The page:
(Baroness Williams of Crosby) First of all, I should make it plain that we would have no further political appointments at all, at you probably know. We would replace all those elected Members. The reason we think that there is a case for 15 to 20 per cent is because what you get in the House of Lords, and it is an extremely useful part of the total, is what Sir George Young mentioned, some people who institutionally would be highly unlikely to run for an election. An example of that is leaders from the military forces, significant scientists, people of that kind. Robert Winston would not run for election but he has been a crucial Member of our House in terms of the whole discussion of stem cell research. If you had him simply as an expert, as somebody on tap for a Select Committee, the House of Lords as a whole, which then votes on a free vote on the stem cell issues, would not hear what he had to say. As things stand he actually is, in a sense, an expert witness to the House as a whole but as part of it he is listened to with possibly greater attention and concern than he otherwise would be. In other words, it is not only the expertise, it is also the nature of the man or woman who offers that expertise in terms of their own commitment to that subject, to civic society, whatever. We all understand that and, therefore, rate one expert in a rather different way from another.

  89. Can I put the same question to Sir George because you gave us a list of scientists, doctors, generals, academics, what about train drivers and, dare I say it, what about hairdressers? Why should people in those kinds of occupations be excluded from the appointed element of the Upper House?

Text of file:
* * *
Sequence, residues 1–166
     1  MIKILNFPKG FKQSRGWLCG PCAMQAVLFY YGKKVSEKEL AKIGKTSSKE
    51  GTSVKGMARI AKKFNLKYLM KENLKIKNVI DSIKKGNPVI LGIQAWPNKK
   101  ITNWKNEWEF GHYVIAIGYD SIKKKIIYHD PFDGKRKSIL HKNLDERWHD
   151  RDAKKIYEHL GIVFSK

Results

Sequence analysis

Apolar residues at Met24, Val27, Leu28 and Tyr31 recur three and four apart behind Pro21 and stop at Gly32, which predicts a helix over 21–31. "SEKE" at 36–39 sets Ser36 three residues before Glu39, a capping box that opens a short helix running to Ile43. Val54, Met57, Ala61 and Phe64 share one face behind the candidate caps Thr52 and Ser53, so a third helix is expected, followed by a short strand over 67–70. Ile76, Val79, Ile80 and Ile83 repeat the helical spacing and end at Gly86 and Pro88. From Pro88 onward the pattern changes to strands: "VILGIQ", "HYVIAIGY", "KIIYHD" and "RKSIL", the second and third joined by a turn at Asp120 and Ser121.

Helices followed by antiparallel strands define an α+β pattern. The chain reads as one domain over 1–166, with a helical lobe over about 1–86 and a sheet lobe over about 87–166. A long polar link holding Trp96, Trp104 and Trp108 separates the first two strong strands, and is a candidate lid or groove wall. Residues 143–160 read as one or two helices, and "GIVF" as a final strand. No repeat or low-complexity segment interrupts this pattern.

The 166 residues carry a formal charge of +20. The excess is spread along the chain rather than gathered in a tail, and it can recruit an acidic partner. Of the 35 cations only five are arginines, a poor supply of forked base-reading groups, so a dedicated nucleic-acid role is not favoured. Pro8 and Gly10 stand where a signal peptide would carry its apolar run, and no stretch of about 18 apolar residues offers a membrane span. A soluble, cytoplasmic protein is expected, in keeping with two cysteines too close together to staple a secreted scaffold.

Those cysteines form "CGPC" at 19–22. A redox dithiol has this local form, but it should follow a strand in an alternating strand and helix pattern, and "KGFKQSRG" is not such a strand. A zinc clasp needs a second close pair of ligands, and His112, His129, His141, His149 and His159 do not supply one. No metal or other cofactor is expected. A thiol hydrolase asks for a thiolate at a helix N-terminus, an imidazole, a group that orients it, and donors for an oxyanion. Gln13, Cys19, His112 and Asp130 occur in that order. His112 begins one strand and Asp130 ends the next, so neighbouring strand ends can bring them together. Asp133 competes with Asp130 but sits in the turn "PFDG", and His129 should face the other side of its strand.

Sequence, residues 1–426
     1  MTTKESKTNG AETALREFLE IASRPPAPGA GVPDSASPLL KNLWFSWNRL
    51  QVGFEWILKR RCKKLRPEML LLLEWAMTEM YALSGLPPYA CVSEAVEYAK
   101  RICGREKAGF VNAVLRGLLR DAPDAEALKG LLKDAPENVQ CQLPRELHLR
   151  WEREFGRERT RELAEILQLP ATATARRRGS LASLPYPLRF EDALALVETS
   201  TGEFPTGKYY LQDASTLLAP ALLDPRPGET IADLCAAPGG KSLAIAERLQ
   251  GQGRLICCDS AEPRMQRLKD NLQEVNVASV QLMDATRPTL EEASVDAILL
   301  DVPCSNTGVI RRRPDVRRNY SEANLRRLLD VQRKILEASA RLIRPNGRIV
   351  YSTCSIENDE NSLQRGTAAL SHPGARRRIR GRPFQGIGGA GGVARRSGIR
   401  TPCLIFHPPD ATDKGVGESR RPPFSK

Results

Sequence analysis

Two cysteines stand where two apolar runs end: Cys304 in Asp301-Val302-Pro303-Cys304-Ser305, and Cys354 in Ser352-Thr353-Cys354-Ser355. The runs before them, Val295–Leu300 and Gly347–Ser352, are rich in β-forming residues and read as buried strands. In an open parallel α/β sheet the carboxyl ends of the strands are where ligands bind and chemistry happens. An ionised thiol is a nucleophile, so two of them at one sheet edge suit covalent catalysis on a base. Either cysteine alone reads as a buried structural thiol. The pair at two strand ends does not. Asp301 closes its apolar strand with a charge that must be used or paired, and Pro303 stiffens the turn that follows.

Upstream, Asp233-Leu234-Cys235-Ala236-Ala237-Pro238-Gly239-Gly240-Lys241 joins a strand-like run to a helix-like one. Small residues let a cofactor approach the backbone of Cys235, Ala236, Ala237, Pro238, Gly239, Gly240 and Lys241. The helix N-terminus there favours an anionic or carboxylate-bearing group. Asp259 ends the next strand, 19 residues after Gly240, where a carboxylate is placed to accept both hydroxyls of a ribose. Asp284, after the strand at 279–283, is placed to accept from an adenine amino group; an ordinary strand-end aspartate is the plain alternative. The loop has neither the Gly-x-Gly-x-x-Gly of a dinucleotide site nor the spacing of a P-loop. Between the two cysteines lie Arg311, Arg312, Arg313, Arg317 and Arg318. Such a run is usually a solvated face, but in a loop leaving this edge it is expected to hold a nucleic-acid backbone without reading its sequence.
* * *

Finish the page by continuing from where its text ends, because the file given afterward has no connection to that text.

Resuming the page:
(Sir George Young) That is up to the Appointments Commission.

  90. No room for hairdressers.
  (Sir George Young) If they felt that the quality of debate and the role of the House of Lords would be added to by different members than the ones they appoint at the moment they are perfectly free to do that. I subscribe to the view that if you are discussing—as the House of Lords often does—medico-legal issues to do with stem cell research, what you want are some doctors, some scientists, some academics, perhaps some philosophers to shed light on that. If that is the role of the second chamber you would expect the Appointments Commission to appoint people who could add value to that debate.
  (Baroness Williams of Crosby) Can I add they really must. I agree with you 100 per cent. I remember appointing a woman on welfare with four children to the National Consumer Council and everybody said "She cannot offer anything". She was an extraordinarily good member of that particular National Consumer Council. I think we need much more to look at representative people who have a different experience of life, of where the shoe pinches, in order to get a real picture of policy and the impact of legislation.